"Needless to say, Allan is more than pleased with the performance of his wood burner ... and even happier about the $200 a month he's saving on fuel oil. Also, the initial cost of his furnace only came out to about $500, though he's quick to point out that—being an engineer—he was able to get his materials at a lower price than the average person could. Building a similar unit even with salvaged materials, Allan figures, could cost someone else $1,000 or more.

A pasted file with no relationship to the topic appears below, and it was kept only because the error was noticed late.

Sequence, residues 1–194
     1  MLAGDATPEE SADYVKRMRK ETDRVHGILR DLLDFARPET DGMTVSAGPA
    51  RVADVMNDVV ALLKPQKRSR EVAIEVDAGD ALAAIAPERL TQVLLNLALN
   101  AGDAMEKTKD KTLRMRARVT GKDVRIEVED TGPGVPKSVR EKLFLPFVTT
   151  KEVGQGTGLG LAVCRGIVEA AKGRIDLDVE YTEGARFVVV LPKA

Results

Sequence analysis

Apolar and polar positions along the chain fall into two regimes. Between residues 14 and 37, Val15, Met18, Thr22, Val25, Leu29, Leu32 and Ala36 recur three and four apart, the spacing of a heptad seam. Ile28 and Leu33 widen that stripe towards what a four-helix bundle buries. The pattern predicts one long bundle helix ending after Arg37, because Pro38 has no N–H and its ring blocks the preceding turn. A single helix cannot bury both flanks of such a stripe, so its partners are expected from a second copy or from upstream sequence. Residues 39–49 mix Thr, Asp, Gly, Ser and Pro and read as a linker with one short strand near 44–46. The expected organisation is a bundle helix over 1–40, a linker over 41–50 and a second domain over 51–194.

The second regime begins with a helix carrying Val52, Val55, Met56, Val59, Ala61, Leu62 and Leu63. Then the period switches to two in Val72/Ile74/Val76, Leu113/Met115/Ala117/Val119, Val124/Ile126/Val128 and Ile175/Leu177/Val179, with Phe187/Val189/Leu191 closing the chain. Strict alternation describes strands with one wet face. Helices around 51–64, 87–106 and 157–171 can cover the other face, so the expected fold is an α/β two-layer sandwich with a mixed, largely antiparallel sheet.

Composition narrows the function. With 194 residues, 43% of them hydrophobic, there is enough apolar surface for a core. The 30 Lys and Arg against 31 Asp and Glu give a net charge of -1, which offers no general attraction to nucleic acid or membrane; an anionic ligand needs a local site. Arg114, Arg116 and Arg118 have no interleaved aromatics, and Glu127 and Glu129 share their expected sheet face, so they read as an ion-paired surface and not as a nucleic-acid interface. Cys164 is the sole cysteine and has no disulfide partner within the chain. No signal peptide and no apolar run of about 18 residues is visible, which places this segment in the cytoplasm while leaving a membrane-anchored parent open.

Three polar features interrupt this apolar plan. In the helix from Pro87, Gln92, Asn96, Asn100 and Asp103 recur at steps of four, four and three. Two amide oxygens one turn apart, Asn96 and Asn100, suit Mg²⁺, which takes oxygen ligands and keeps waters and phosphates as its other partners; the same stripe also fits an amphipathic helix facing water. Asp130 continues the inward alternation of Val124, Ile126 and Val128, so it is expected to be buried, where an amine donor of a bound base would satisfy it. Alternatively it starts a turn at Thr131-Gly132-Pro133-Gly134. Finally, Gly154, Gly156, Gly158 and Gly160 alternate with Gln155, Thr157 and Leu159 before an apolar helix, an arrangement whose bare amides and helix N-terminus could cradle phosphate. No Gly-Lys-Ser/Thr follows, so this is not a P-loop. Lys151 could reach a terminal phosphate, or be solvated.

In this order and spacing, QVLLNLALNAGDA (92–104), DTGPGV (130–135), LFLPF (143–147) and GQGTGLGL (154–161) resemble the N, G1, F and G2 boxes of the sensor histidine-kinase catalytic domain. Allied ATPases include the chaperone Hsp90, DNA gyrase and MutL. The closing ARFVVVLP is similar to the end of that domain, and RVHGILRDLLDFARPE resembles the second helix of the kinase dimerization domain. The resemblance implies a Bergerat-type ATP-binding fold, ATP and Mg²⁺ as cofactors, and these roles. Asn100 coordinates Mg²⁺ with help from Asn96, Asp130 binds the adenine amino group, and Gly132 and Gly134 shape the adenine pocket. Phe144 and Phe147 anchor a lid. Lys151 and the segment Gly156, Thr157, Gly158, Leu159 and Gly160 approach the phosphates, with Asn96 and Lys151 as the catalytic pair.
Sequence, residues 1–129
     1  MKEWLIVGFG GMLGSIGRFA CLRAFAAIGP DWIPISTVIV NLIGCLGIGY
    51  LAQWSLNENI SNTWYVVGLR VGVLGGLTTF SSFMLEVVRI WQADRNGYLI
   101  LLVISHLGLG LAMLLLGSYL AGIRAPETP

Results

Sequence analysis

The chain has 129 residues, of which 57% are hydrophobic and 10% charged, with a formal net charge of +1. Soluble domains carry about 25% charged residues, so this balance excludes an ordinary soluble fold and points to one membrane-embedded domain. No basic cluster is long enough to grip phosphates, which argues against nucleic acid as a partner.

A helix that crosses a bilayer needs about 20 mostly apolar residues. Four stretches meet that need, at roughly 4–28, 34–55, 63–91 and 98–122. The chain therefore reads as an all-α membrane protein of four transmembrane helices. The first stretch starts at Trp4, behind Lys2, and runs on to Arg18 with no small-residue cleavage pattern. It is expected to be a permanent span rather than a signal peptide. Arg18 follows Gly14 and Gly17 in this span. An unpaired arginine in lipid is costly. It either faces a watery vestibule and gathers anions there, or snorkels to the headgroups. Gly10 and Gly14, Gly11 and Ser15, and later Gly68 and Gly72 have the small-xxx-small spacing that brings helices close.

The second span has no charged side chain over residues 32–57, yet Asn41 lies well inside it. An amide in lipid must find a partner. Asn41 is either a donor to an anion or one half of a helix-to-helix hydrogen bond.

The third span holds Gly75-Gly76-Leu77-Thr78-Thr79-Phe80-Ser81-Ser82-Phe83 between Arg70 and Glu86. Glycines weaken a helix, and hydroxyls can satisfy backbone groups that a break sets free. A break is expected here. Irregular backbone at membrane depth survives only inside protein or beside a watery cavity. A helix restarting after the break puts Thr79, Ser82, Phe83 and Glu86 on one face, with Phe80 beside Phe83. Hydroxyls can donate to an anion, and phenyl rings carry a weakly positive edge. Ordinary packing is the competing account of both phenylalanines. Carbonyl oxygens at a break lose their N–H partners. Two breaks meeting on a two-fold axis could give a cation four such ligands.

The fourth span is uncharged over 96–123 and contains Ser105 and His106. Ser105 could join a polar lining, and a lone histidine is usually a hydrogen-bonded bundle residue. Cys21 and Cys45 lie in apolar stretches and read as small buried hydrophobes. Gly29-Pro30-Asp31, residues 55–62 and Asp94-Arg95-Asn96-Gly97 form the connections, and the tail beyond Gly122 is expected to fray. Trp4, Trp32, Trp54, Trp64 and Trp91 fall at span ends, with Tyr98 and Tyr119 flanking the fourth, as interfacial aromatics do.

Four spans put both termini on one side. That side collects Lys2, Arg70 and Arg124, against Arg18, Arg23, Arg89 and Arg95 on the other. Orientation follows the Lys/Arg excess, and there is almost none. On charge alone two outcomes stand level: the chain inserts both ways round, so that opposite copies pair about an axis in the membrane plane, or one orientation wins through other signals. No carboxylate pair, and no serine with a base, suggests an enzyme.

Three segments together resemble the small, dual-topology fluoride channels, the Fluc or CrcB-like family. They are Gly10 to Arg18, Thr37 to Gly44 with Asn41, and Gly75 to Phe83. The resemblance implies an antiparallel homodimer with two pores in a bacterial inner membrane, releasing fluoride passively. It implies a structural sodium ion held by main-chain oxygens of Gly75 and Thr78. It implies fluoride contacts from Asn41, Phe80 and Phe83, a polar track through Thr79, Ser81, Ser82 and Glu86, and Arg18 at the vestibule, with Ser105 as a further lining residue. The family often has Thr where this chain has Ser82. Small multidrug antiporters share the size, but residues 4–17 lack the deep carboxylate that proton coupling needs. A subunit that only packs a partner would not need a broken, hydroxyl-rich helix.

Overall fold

But, even at that price, the furnace would soon pay for itself ... and it's just as effective as a large oil heater (the wood burner puts out about 150,000 Btu's per hour, as near as Al can figure it). Brown plans on installing a series of solar collectors within his system next summer to cut down on wood consumption. Between these two sources of heat, he and his family should be sitting pretty when winter rolls around again.